Before we discuss George Hood's world record, let's clarify that the kind of planking he does is different than what Dwight Howard and Gilbert Arenas popularized with pictures on their Twitter accounts.
Hood holds up his body by putting his forearms and toes on the floor. Straight back. Straight legs. No lying down.
Last weekend, Hood set the Guinness world record in endurance planking by maintaining this position for 1 hour, 20 minutes and 5.01 seconds.
How tough is that?
"This plank was the most excruciating thing I have ever put my body through," Hood says.
To give that statement some context, consider that Hood is a retired DEA agent and a former Marine who has spent time in Afghanistan.
"This hurt," Hood says. "But an awesome experience."
Also, consider that Hood, a personal trainer from Aurora, Ill., has held Guinness world records in endurance for jumping rope and spin cycling. His planking record, which shattered the previous mark by nearly 30 minutes, is officially recognized by Guinness as the Static Abdominal Hold, and it came two days before he turned 54.
"Planking has done more for my abs than I ever thought possible," Hood says. "No wonder the gurus and yoga people are into that. That core strength is what people need, especially at my age. You see too many people hunched over with poor posture."
Hood began to use the plank in his workouts about a year and a half ago to help prepare for another stab at the spin cycling record. Then as he geared up for his attempt at the plank record, his daily regimen involved planking for 90 minutes a day, repeated sets of 200 to 400 push-ups, 2,000 abdominal crunches and up to four hours on the cycle.
Hood set his first Guinness world record in October 1986 by jumping rope for 13 hours, 12 minutes, 11 seconds while stationed in Hawaii as a special agent with the Naval Criminal Investigative Service (NCIS).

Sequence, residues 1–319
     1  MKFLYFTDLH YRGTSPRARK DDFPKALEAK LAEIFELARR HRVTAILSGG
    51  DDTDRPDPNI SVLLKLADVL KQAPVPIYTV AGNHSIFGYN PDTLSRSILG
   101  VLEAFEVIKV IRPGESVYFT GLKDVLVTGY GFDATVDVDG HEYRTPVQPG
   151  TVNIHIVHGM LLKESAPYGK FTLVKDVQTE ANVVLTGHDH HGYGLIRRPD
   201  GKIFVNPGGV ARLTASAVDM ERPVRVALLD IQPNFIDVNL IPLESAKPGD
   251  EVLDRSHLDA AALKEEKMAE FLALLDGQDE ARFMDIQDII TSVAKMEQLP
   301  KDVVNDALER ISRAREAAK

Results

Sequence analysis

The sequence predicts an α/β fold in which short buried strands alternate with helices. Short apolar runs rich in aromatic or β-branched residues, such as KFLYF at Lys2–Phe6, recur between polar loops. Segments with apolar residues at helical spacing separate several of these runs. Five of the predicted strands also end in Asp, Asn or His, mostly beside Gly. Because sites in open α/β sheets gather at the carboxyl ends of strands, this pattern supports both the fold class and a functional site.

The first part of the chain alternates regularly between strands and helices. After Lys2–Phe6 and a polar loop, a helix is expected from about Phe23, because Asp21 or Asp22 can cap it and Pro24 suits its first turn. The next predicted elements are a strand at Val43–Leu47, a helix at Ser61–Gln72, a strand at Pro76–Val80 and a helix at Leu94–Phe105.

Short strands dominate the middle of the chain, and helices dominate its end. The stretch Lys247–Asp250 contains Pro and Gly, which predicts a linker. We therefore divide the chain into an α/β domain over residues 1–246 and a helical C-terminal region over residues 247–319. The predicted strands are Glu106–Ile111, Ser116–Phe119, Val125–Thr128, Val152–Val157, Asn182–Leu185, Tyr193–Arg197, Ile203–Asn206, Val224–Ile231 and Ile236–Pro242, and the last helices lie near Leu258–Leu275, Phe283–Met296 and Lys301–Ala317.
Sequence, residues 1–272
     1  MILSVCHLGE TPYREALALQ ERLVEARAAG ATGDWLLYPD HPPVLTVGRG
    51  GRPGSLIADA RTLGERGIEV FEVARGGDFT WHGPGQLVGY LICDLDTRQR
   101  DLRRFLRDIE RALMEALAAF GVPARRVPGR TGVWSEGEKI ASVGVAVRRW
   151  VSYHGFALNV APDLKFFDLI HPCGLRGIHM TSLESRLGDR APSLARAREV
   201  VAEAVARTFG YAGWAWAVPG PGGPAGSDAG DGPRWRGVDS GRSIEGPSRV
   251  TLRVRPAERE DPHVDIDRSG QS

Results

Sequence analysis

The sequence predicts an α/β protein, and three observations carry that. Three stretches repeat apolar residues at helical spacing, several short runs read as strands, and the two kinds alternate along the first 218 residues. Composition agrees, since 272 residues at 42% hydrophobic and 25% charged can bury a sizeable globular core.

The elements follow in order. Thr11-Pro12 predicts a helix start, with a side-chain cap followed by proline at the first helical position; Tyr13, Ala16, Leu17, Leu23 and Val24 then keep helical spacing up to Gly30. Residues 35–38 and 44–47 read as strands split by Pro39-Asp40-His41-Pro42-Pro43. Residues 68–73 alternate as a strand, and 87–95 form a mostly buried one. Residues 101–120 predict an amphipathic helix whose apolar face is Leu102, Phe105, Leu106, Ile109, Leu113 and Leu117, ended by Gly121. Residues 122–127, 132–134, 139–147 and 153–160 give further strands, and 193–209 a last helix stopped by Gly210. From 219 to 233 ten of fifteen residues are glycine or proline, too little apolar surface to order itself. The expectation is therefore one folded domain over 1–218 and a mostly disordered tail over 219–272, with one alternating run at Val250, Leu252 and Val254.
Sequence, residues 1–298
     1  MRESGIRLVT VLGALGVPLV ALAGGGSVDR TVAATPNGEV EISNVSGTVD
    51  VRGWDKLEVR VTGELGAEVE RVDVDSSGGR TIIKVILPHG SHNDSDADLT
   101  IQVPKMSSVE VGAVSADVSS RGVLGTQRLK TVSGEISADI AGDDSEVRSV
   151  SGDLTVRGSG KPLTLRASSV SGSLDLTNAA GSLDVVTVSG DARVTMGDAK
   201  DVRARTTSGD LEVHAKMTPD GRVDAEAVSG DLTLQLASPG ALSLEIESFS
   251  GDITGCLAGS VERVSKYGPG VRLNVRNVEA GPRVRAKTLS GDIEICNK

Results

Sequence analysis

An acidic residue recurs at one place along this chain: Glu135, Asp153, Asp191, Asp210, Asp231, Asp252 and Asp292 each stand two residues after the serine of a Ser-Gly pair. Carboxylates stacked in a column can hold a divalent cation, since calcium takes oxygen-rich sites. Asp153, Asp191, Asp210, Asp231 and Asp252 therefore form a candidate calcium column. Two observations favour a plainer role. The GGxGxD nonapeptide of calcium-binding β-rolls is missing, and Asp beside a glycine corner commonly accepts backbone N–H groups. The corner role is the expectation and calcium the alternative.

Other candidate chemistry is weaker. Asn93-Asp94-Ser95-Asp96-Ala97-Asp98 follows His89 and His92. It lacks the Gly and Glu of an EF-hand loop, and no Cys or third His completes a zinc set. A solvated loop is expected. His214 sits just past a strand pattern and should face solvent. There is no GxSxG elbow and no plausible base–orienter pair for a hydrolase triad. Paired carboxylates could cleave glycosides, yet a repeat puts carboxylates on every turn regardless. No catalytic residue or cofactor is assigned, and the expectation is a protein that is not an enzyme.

He has set the record for the longest time riding on a stationary bike three times. The first was 111 hours, 11 minutes and 11 seconds in July 2007. He broke his own record in 2008 and then last November he clocked 222 hours, 22 minutes and 22 seconds in a benefit in memory of a U.S. soldier killed in Afghanistan.
An Italian man broke that record by two hours in May. Next April, the Mediterranean nation of Malta will host Hood's attempt to recapture the record. "I'm shooting for 250 hours," he says.
With all marathon events for Guinness, competitors are allowed five minutes of rest for every completed hour, and they can strategically bank that time. Hood's longest stretch on the bike without using one of these breaks is 30 hours.
"There's no speed requirement," he says. "But you have to travel 12 miles each hour."
The next endurance event Hood would like to tackle is on the elliptical machine. Guinness does not have a category for this yet but is in the process of establishing standards.
Hood says he is fairly alert during his attempts to set records but sometimes needs to meditate. "I'll just put my head down and go to a happy place where's peace and serenity," he says.
But mostly he uses music to keep him going. "I'm actually known for that," he says, "I've got 4,000 songs and 30 playlists."
The range includes Christian music by Matthew West to classic rock from The Outlaws. The plank event, held at a restaurant called Eggsperience in the Chicago suburb of Naperville, got started with Ted Nugent's "Stranglehold."
"There was a lot of pain," Hood says. "But I like to take it to the edge."
That's reflected in Hood's fitness motto: "Set goals. Keep score. And break records. Because anything else is just exercise."
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